JVTV is also the first teaming of frequent film partners Tom Hanks (before he was really, really BIG), and Meg Ryan (ditto). Their chemistry is already evident here, and the fact that they spend so much time on screen together helps make the movie. Meg Ryan shows talent at caricature that we rarely get to see elsewhere, in playing three separate roles. DeDe, the mousey coworker, has a thick New York accent, and a charming shyness. Angelica, the dependant L.A. industrialist’s daughter seems like she would be right at home shopping on Rodeo Drive, but gives us strong hints of dissatisfaction at her meaningless existence. And Patricia, the aggressively independent daughter, still smarting at realizing even she has a price, is a breath of fresh air, adventurous and full of life, but still lonely and looking for something. There is a running gag throughout the film where Joe remarks to each of them that when he first saw them, he felt he had seen them somewhere before. It is good for a laugh on the surface, but it also makes you think – in a way, all three characters are the same person, but it is only the one who has found herself – truly knows herself, who is actually ready to love.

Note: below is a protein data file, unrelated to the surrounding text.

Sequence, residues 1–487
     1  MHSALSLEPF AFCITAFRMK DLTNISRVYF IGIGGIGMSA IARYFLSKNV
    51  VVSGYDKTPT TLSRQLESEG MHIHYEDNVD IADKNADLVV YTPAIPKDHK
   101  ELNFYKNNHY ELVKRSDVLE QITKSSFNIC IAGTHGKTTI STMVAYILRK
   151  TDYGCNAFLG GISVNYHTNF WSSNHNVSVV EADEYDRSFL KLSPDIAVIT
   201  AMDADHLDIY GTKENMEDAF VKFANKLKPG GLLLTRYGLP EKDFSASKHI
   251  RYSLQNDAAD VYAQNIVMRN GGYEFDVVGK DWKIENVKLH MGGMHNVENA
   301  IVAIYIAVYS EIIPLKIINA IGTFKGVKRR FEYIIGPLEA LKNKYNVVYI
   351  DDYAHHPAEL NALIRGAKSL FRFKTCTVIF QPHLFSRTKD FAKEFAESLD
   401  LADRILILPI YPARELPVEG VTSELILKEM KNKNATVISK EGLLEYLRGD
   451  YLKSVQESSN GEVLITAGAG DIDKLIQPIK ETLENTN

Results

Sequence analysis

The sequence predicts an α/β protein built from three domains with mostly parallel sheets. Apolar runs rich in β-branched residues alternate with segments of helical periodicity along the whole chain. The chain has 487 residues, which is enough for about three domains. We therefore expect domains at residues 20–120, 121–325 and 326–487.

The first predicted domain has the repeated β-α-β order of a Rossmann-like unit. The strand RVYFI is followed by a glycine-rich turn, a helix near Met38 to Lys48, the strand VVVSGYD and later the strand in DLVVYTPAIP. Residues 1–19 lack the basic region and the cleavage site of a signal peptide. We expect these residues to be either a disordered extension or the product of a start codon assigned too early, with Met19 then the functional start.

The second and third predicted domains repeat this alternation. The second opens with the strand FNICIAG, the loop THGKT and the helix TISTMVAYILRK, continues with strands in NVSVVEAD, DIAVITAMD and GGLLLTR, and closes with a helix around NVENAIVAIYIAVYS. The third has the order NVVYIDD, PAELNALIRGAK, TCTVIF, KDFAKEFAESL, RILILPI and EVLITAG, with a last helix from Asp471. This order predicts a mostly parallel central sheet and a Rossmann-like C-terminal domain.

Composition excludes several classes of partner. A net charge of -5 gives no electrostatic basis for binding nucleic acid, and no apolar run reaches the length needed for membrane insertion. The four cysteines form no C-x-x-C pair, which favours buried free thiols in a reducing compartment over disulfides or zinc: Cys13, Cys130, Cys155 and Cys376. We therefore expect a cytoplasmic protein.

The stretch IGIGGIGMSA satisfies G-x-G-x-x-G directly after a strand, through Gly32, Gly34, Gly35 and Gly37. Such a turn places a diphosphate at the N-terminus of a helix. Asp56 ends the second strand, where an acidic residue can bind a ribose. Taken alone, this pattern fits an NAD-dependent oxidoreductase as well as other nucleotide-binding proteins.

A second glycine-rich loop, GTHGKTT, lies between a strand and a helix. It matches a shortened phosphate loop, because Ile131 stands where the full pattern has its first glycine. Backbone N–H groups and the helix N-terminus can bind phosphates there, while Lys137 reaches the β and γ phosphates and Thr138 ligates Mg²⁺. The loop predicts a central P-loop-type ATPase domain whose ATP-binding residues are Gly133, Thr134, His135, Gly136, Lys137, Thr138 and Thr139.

Tom Hanks plays the affable everyman he has come to be so well-loved for. Joe has had an epiphany, been woken up, and in an almost Forrest Gump-like way, is experiencing the world through un-jaded eyes for the first time in a long time. Through the journey, he re-discovers himself, his bravery and sense of purpose, and shows no fear about what he must do. It is only then that he, too, is ready to love another. There is quite a bit of the physical humor that Hanks was known for in his earlier comedies, but also the first inklings of the emotional depth and character development that would make him a true star later on.